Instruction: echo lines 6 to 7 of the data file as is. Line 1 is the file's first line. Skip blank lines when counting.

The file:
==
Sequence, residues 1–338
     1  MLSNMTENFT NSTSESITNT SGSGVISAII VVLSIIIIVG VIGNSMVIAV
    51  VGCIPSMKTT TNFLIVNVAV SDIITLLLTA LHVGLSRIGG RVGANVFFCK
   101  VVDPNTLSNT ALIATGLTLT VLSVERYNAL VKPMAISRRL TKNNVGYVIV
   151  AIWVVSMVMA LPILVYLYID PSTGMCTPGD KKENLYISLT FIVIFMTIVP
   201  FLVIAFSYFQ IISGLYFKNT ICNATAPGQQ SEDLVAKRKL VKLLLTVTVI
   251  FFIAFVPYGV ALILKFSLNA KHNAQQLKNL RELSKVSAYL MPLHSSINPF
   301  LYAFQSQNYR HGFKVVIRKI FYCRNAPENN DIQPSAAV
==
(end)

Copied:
   201  FLVIAFSYFQ IISGLYFKNT ICNATAPGQQ SEDLVAKRKL VKLLLTVTVI
   251  FFIAFVPYGV ALILKFSLNA KHNAQQLKNL RELSKVSAYL MPLHSSINPF